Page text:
Pubdate: Thu, 21 Nov 2013
Source: Chatham Daily News, The (CN ON)
Copyright: 2013 Chatham Daily News
Author: John Miner, QMI Agency

Woman Embarrassed, Panicked When Enveloped Arrived


Medical marijuana users across Canada received this envelope from 
Health Canada, identifying it was sent by the medical marijuana 
program. Health Canada has confirmed 40,000 other letters were sent 
this week in error.

It was a secret she didn't want carelessly shared with neighbours or 
anyone else in her small Southwestern Ontario community.

But this week the 56-year-old medical marijuana grower and patient 
was stunned when she received an envelope in the mail from Health 
Canada with her name, address and the printing for anyone to see: 
"Marihuana Medical Access Program."

"I cried at my mail box when I saw that, it was so upsetting. I have 
never been so embarrassed. I was in a panic," the woman told the Free Press.

"It has been important for me to be confidential. I do a lot of 
volunteering and a lot of non-profit work."

Health Canada confirmed to the Free Press Thursday the woman was one 
of 40,000 to receive informational letters on upcoming changes to the 
Marihuana Medical Access Program .

In a statement, George Da Pont, deputy minister of Health, said he 
had been advised that as a result of an administrative error the 
envelopes were labelled to indicate they were sent by the medical 
marijuana program.

"This is not standard Health Canada practice. On behalf of Health 
Canada, I deeply regret this administrative error. Health Canada is 
taking steps to ensure this does not happen again.

"Protection of personal information is of fundamental importance to 
Health Canada. We are in discussion with the Office of the Privacy 
Commissioner of Canada," Da Pont said in his statement

Living in a community where everybody knows everybody, the 
Southwestern Ontario woman is concerned that someone who saw the 
envelope at the small post office could talk about it to others. That 
could make her and her husband a target for thieves looking for 
marijuana and a subject for public ridicule.

"It would just take one person that would say, 'Hey, let's go check 
that out,' " she said.

She knows of another medical marijuana patient who was ridiculed by a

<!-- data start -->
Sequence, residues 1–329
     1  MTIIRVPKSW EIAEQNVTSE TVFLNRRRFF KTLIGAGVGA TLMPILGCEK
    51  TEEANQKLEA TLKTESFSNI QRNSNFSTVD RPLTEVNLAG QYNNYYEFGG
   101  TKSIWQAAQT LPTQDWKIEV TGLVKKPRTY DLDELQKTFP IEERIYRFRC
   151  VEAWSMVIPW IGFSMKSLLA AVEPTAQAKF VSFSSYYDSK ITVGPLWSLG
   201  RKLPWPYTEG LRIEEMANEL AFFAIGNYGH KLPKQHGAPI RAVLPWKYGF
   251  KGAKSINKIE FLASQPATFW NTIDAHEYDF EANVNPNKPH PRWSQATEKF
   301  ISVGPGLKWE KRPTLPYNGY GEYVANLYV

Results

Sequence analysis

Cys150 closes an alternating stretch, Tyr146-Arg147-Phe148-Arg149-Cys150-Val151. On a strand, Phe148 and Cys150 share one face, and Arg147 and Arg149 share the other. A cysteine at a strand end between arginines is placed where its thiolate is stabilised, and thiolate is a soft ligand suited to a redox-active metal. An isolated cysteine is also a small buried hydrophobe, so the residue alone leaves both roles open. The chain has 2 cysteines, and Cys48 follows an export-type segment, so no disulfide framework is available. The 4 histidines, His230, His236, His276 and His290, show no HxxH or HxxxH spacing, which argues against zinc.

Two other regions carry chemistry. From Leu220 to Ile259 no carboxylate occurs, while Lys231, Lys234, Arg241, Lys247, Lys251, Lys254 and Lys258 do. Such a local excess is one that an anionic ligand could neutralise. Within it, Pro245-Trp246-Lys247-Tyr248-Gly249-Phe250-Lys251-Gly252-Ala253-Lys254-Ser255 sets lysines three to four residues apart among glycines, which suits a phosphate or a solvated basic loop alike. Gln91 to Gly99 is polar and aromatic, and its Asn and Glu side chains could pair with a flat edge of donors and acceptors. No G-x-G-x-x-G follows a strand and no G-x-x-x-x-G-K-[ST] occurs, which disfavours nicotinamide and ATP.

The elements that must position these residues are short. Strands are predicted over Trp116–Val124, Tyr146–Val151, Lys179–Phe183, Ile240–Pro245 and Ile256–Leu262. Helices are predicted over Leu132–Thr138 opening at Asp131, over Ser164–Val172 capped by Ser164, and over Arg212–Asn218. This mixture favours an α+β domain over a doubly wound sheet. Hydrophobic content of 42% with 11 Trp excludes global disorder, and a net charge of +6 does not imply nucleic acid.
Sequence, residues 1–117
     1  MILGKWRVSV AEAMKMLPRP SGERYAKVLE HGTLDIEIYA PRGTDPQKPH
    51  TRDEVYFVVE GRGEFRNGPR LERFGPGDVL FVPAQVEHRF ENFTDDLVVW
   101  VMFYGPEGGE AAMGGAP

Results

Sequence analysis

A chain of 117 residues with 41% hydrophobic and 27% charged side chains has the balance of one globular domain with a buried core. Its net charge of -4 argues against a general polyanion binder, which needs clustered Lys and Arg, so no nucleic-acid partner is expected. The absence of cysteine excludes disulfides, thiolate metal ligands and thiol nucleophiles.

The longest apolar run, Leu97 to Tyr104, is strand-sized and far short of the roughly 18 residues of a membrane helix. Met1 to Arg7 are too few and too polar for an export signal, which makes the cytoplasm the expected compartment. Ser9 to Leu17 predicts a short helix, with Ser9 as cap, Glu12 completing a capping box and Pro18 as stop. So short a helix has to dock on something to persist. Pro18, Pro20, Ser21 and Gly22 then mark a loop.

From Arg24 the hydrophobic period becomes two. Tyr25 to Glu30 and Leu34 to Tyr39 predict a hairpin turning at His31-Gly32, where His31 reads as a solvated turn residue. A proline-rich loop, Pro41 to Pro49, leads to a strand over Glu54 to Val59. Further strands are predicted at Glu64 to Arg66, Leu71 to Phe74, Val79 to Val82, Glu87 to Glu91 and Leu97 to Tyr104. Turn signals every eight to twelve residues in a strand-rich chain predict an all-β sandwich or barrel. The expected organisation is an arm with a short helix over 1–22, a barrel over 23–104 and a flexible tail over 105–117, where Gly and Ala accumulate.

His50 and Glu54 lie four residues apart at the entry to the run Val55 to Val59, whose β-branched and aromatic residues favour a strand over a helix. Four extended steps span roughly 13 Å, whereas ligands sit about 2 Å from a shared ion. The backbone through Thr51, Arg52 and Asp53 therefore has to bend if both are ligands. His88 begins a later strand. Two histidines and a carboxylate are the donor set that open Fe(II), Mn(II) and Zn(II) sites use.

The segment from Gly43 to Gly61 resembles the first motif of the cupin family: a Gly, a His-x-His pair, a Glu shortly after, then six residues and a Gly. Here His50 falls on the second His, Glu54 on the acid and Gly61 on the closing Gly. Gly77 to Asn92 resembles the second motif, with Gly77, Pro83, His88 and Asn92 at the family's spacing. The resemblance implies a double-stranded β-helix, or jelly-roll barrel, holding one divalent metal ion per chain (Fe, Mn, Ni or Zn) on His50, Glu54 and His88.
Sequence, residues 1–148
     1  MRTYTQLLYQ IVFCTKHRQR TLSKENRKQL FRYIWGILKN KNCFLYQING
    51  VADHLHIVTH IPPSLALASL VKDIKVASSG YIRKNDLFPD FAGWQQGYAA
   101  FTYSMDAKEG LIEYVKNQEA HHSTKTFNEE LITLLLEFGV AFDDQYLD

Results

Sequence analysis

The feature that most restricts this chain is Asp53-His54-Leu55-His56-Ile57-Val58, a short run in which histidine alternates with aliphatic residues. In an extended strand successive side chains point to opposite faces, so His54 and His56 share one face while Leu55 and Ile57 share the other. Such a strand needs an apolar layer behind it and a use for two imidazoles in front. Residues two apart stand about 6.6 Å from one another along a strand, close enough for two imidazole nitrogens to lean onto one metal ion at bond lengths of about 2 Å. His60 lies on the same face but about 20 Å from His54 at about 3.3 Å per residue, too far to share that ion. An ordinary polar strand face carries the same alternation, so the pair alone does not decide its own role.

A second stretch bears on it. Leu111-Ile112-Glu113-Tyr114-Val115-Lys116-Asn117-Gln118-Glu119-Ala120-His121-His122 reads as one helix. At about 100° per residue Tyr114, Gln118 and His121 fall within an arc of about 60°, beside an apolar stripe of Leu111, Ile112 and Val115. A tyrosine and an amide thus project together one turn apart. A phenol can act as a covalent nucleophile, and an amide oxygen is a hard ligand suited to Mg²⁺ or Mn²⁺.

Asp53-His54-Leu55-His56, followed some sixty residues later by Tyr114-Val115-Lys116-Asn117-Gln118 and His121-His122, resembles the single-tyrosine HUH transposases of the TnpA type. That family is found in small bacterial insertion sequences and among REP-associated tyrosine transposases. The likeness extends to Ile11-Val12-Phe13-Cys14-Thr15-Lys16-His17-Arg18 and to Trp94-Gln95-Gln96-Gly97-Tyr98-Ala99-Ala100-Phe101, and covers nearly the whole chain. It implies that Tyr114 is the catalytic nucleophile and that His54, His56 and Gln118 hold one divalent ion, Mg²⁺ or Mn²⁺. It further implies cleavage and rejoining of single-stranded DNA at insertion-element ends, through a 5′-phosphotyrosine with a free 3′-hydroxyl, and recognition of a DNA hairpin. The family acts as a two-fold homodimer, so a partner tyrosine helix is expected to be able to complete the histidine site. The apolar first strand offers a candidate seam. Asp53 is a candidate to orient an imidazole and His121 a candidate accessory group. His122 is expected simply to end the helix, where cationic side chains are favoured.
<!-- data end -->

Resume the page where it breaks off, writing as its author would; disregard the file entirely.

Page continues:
local municipal councillor when it became known he was taking 
marijuana for cancer.

"Stigmatization exists," she said.

Since receiving the shocking envelope this week she has learned 
others in the medical program received the same identifying mail. The 
letter inside contained information on the changes being made to the 
program by the federal government in the spring.

Previous letters from Health Canada on the program had never 
identified that the mail was from the marijuana access program. It 
simply said Health Canada.

"Any time we have ever gotten correspondence in the past it has said 
from Health Canada. No one really knew what the package was. It kept 
our identity safe.

"They used to be discrete. I believe with the program ending they 
don't really care anymore. They put us up as a target," she said.

The Southwestern Ontario woman said she has complained to her MP and 
sent a written complaint to Health Canada.

The woman signed up for the medical marijuana program after suffering 
severe arthritis for decades.

"I have had tonnes of surgeries," she said. But in the end, doctors 
could only offer painkillers.

She wanted to avoid taking opioid drugs for her constant pain and 
learned that marijuana oil might be an option. It took years, but 
eventually she was approved to legally grow and take marijuana. She 
has been a grower for two years.

She extracts the oil from the marijuana bud, puts it in a capsule and 
takes one a day at nighttime.

"The first night I took the oil I was out of pain, I slept through 
the night. I hadn't slept for probably 20 years without waking up in 
pain. This is an amazing medicine," she said.

The federal government announced earlier it was overhauling the 
system for medical marijuana, moving from patient-grown marijuana to 
having marijuana grown by large commercial producers.



* Launched in 2001 it has grown from fewer than 500 authorized 
persons to more than 30,000 in 2013

* Program allowed approved patients to produce marijuana in their own 
homes or purchase from the government

* In response to concerns the system was open to abuse, the federal 
government is overhauling the system

* Under the new regulations personal production by individuals in 
their homes will be eliminated on March 31, 2014
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MAP posted-by: Jay Bergstrom